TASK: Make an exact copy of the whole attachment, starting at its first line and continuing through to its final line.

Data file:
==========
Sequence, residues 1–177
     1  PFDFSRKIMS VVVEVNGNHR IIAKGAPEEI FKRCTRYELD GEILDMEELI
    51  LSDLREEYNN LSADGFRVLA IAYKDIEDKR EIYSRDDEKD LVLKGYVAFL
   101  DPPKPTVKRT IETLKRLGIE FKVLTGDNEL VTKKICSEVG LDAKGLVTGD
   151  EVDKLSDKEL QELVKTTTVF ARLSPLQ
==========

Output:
Sequence, residues 1–177
     1  PFDFSRKIMS VVVEVNGNHR IIAKGAPEEI FKRCTRYELD GEILDMEELI
    51  LSDLREEYNN LSADGFRVLA IAYKDIEDKR EIYSRDDEKD LVLKGYVAFL
   101  DPPKPTVKRT IETLKRLGIE FKVLTGDNEL VTKKICSEVG LDAKGLVTGD
   151  EVDKLSDKEL QELVKTTTVF ARLSPLQ